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New Lavendon boss sets sights on safety and reliability

With the departure of Andy Wright to Dubai to head up international operations for Lavendon, new chief executive Mike Potts has now taken over responsibility for Lavendon Access Group, covering all its UK business.

Mr Potts is relatively new to the plant and access sector, although by trade he was originally a mechanical engineer. He has joined the firm from Vendia, a supplier of food and beverage vending service, he also has the pedigree of working for Shell on oil refineries.

Having begun work in his new position at the start of the year, CN caught up with Mr Potts to find out Lavendon’s plans for 2011 and beyond.

A cautious start

Underpinning business this year is a sense of “cautious optimism”, according to Mr Potts. “January has got off to a great start and people seem to be pleased with utilisation levels, which are better than this time last year and as good as they were towards back end of 2010,” he says. “However, the forecasts for 2011 are quite negative and public sector cuts will come to the fore in March. We’re very cautious about the year and will have to work hard at achieving the growth levels we want.”

As a result, Mr Potts says Lavendon will particularly concentrate on improving rental rates during the year. “Over the last couple of years, rates in the access industry have been forced down very significantly to a level, which for some players is probably not sustainable,” he says. “The spearhead for our strategy this year is to maintain or even improve rates.”

To justify this, Mr Potts says the firm is embarking on a two-pronged strategy to increase both the reliability and safety of access equipment. “One of the factors which makes us stand out from the competition is we have very strong engineering resources. Having come from an engineering background, I’m delighted to see the quality and volume of engineering we have in our company.” While he say that Lavendon’s equipment reliability is on par with the rest of the industry, his perspective as new blood in the business suggests more can be done. “Having come from outside the industry, I would like to see a step change in reliability. That means becoming even better, rather than correcting a problem,” he says.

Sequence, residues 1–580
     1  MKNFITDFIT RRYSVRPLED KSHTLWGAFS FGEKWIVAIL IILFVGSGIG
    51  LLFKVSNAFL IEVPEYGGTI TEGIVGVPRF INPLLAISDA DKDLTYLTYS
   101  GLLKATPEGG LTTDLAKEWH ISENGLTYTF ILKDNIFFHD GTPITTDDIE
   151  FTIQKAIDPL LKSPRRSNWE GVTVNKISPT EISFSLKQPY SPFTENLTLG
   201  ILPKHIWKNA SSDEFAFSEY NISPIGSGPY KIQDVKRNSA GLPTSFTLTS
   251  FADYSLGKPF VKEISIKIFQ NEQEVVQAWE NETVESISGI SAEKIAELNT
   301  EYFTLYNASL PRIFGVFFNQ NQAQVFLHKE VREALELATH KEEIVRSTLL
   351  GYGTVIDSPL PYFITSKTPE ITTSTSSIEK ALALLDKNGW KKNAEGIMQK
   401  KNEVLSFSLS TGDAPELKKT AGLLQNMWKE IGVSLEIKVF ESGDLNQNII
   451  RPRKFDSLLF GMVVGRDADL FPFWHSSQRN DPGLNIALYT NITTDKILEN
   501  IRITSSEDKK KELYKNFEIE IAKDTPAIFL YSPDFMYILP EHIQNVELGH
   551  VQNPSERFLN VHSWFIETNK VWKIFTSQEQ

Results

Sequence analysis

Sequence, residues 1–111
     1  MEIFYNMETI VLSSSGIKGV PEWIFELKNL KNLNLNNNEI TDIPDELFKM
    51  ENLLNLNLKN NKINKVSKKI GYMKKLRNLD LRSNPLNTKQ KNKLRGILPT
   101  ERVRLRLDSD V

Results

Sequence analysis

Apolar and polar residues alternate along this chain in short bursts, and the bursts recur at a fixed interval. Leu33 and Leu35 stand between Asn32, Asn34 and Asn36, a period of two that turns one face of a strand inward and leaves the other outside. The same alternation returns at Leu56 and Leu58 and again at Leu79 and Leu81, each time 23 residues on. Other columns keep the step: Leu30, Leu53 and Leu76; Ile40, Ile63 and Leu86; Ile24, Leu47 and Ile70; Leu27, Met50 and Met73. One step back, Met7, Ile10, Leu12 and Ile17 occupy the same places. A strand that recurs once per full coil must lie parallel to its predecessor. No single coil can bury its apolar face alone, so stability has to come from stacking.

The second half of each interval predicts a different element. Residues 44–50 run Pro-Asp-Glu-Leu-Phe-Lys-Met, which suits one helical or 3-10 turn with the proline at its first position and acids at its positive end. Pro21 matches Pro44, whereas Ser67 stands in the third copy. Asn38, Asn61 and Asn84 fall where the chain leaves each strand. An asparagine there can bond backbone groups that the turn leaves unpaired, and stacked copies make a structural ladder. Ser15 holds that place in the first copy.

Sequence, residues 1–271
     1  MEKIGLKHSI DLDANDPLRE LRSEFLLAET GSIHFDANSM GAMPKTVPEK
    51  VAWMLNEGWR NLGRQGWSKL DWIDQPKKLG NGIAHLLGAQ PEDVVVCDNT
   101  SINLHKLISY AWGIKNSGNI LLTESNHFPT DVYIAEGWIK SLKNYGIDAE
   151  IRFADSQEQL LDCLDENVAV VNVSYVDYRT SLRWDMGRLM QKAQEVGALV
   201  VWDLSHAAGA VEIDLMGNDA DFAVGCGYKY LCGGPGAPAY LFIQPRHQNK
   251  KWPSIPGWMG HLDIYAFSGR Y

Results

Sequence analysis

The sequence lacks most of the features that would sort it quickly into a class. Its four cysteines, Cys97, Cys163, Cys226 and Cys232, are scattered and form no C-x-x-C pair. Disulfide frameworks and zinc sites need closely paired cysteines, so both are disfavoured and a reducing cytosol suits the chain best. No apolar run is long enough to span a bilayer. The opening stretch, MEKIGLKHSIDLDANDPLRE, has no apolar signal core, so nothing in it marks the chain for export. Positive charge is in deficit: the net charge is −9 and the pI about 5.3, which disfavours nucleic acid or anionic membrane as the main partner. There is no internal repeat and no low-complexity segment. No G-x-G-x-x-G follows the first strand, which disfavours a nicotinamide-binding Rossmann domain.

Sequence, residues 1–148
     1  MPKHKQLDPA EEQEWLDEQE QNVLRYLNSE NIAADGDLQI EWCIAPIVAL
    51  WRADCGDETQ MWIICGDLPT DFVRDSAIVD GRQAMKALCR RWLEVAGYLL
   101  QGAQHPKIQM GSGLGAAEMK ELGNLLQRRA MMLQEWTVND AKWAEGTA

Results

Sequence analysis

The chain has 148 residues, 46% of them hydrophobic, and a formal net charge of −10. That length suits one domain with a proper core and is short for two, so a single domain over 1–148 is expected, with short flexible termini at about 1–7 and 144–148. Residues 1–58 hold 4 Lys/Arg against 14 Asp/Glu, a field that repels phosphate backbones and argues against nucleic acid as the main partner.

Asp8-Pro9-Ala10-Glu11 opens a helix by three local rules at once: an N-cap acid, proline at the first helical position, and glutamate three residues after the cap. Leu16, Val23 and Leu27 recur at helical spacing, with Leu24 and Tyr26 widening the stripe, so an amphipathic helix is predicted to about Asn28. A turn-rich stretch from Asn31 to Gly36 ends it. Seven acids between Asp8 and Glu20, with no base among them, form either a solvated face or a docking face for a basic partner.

Staying safe

Another important element Mr Potts is looking to grow in the business is the safety of the equipment. Lavendon has already introduced a range of attachments from BlueSky on its equipment and the plan is to highlight the impact these can have on productivity and safety. “We have developed a number of exclusively produced attachments which go onto the baskets. That gives us a very competitive advantage,” he says. “Having come from a background of oil refining, that seems a very strong and sensible approach.”

Mr Potts could not be drawn on whether Lavendon would be spending on any fleet expansions during 2011. “We have a certain replacement requirement, but the ability to do that during a recession is reduced,” he says. “We are still being cautious in terms of capital expenditure. However, we are expecting some growth. To achieve that, there will need to be some investment.”

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